Los Angeles to vote on parking PPP

The city’s 15-member city council could decide as early as 2 February whether to qualify bidders for its ten parking garages. A separate, larger PPP for the city’s parking meters is also in the works, but Los Angeles has struggled to hire sell-side advisors for both deals due to concerns over a law prohibiting conflicts of interest.

The Los Angeles City Council is set to decide whether to go ahead with the first phase of a planned public-private partnership for its parking assets, a move which could make the cash-strapped California city the largest municipal government in the US to pursue such a deal.

The 15-member council’s vote, which could come as early as tomorrow, would decide whether Los Angeles can issue a request for qualifications to qualify bidders for a long-term concession its 10 parking garages.

The parking garages, which cleared nearly $21 million in operating revenues during the city’s 2009 fiscal year, have been studied since November 2008 as a potential candidate for a 50-year lease to the private sector as a way to help the cash-strapped city raise money.

Late last month, Miguel Santana, the city official in charge of the study, urged the City Council and Mayor Antonio Villaraigosa to proceed with the deal. Santana said the city could raise between $200 million to $300 million from such a lease, versus the $198 million in proceeds it could gain from keeping the garages on its books for the next 50 years.

A second, larger city-owned parking asset – Los Angeles’ 41,000 on-street parking meters – has also been studied as a potential candidate for a private-sector concession. However, Mayor Villaraigosa has asked Santana’s team to study the concession further in an effort to avoid mirroring the upfront payment required in Chicago’s $1.15 billion lease of its parking meters in 2009.

One option being considered, according to a recent letter from Villaraigosa, is a concession that would give Los Angeles a stream of payments over the life of a lease.

Overall, though, Villaraigosa still supports the idea of such a public-private partnership for the meters, saying in the letters he agreed with council members’ assertions that “there’s gold in the gutters’” but “the issue is how best to mine the gold.”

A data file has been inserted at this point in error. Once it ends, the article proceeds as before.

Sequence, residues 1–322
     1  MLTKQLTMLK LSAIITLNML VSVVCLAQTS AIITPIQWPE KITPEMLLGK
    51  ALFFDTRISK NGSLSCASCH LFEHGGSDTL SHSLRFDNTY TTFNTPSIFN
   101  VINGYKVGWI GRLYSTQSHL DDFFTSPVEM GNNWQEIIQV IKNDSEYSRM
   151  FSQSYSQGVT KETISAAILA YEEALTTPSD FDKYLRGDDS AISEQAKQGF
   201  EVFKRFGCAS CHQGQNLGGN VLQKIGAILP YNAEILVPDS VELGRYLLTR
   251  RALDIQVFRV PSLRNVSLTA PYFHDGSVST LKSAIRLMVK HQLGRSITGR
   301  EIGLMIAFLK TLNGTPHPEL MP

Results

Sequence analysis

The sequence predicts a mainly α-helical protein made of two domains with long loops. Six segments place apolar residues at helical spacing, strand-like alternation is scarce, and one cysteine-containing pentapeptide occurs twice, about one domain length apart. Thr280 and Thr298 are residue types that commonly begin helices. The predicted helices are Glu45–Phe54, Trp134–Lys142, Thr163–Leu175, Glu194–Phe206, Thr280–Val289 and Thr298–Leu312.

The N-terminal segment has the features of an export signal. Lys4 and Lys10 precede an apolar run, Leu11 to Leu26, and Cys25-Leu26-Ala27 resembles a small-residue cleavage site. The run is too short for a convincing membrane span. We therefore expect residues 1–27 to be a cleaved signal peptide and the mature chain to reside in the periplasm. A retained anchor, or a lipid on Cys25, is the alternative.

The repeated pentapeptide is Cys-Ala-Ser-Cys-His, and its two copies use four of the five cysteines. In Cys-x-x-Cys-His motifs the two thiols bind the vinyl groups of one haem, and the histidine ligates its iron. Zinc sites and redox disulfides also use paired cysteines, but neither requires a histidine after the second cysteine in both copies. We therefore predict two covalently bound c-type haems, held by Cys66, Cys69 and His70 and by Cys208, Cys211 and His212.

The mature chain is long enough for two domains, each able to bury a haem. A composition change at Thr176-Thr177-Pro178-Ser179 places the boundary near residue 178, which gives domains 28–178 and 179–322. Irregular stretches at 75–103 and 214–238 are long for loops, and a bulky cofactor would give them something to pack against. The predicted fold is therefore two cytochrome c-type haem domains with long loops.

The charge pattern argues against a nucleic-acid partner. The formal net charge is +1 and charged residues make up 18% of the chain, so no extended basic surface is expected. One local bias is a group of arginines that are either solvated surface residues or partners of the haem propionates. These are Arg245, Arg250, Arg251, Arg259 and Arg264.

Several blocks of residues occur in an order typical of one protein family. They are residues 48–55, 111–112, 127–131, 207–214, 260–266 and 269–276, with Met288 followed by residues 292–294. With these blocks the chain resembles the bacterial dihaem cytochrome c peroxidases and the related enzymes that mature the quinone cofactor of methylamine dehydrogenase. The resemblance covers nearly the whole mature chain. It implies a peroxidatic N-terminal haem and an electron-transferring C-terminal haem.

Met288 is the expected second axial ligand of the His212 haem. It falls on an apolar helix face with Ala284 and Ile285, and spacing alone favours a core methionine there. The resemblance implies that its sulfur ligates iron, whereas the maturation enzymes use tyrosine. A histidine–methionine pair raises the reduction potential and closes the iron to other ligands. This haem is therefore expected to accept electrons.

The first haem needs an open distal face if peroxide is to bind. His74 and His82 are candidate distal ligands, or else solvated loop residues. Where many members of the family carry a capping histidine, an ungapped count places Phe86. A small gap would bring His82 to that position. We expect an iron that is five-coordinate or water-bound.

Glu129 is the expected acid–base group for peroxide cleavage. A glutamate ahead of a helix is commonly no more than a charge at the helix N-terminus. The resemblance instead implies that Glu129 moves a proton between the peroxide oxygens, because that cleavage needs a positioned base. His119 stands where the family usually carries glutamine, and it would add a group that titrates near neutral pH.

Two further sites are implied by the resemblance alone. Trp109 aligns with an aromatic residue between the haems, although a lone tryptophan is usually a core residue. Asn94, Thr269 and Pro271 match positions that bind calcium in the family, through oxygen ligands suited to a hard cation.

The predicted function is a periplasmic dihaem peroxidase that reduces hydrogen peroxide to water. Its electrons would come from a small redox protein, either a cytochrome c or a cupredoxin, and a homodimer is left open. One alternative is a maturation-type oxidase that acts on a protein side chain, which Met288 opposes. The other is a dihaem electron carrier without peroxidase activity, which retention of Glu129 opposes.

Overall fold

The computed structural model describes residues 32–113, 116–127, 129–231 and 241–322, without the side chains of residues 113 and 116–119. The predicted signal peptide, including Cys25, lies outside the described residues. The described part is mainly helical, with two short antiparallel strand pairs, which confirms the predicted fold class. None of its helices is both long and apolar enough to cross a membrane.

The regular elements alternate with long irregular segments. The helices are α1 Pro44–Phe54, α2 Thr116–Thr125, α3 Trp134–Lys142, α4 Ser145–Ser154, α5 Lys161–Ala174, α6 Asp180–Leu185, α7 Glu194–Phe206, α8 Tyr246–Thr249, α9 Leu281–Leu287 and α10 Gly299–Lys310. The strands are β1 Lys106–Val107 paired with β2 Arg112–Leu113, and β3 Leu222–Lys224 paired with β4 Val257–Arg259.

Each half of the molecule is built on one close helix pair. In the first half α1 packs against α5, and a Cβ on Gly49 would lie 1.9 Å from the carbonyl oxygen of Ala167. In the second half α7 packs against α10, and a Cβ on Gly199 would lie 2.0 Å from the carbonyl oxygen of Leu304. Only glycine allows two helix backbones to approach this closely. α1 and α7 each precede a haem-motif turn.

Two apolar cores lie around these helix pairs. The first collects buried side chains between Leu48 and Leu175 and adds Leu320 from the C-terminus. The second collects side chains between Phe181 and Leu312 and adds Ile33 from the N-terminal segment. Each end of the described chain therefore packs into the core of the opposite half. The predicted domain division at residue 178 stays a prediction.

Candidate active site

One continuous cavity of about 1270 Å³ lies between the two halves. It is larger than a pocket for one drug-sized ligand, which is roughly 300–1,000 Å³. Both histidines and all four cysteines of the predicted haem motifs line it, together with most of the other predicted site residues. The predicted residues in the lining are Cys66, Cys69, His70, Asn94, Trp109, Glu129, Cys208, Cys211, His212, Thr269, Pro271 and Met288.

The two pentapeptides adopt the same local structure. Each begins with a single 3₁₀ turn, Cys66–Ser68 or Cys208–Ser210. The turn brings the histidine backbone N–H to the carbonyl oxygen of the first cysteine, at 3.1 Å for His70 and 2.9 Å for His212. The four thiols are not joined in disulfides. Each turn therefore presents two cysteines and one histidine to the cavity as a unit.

Advisory conflict

Los Angeles has previously selected a group of sell-side advisors – Ramirez & Company, JP Morgan and Loop Capital Markets – to aid it in pursuing public-private partnerships for both the garages and the meters. However, there are mounting concerns about a decades-old California law against conflicts of interest in government contracting, which have given some of the advisors pause about executing a contract with the city.

Ramirez & Company terminated its contract with Los Angeles on 28 November 2009 because of concerns over the legislation, according to documents provided to InfrastructureInvestor. JP Morgan and Los Angeles haven’t been able to sign a contract because of the same issue, according to the documents. Consequently, Loop is now acting as the city’s sole sell-side advisor.

Should the city council vote to go ahead with a request for qualifications for the parking garage deal, Los Angeles would be authorised to spend $510,000 on hiring outside counsel, sell-side advisors and financial advisors to execute the deal, according to Santana’s letter. The law firm of Katten Muchin Rosenman would be also hired for a term of two years to provide legal advice on the deals, according to the letter.

If Los Angeles cannot come to an agreement with JP Morgan over the conflict issues, the city will seek to find another sell-side advisor to fill its role, according to a person familiar with the situation.

A clarification of the issue is expected to come soon from the Los Angeles city attorney, according to the person.